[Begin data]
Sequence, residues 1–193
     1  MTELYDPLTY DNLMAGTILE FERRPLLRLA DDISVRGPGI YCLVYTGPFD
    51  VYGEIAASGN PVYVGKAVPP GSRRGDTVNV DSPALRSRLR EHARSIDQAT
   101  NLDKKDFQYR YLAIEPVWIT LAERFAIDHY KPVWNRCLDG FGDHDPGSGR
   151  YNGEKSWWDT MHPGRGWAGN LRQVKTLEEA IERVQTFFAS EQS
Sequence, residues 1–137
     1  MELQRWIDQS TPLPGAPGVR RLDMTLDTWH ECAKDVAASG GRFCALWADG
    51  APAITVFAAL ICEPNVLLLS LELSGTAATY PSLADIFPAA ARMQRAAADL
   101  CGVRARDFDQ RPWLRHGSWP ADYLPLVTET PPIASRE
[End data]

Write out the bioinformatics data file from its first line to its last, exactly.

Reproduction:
Sequence, residues 1–193
     1  MTELYDPLTY DNLMAGTILE FERRPLLRLA DDISVRGPGI YCLVYTGPFD
    51  VYGEIAASGN PVYVGKAVPP GSRRGDTVNV DSPALRSRLR EHARSIDQAT
   101  NLDKKDFQYR YLAIEPVWIT LAERFAIDHY KPVWNRCLDG FGDHDPGSGR
   151  YNGEKSWWDT MHPGRGWAGN LRQVKTLEEA IERVQTFFAS EQS
Sequence, residues 1–137
     1  MELQRWIDQS TPLPGAPGVR RLDMTLDTWH ECAKDVAASG GRFCALWADG
    51  APAITVFAAL ICEPNVLLLS LELSGTAATY PSLADIFPAA ARMQRAAADL
   101  CGVRARDFDQ RPWLRHGSWP ADYLPLVTET PPIASRE